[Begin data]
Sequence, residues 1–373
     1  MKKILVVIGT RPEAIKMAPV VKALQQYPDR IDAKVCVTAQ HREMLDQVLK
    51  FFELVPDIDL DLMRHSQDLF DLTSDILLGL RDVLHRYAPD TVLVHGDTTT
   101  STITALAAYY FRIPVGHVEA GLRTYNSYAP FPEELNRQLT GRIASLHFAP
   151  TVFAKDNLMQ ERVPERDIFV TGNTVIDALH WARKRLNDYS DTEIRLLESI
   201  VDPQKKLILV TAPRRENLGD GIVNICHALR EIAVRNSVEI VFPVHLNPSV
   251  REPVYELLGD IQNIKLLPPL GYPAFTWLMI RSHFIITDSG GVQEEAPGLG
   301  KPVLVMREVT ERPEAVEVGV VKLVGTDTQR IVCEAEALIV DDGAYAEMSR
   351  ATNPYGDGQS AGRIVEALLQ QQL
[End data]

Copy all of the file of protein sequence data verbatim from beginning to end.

Sequence, residues 1–373
     1  MKKILVVIGT RPEAIKMAPV VKALQQYPDR IDAKVCVTAQ HREMLDQVLK
    51  FFELVPDIDL DLMRHSQDLF DLTSDILLGL RDVLHRYAPD TVLVHGDTTT
   101  STITALAAYY FRIPVGHVEA GLRTYNSYAP FPEELNRQLT GRIASLHFAP
   151  TVFAKDNLMQ ERVPERDIFV TGNTVIDALH WARKRLNDYS DTEIRLLESI
   201  VDPQKKLILV TAPRRENLGD GIVNICHALR EIAVRNSVEI VFPVHLNPSV
   251  REPVYELLGD IQNIKLLPPL GYPAFTWLMI RSHFIITDSG GVQEEAPGLG
   301  KPVLVMREVT ERPEAVEVGV VKLVGTDTQR IVCEAEALIV DDGAYAEMSR
   351  ATNPYGDGQS AGRIVEALLQ QQL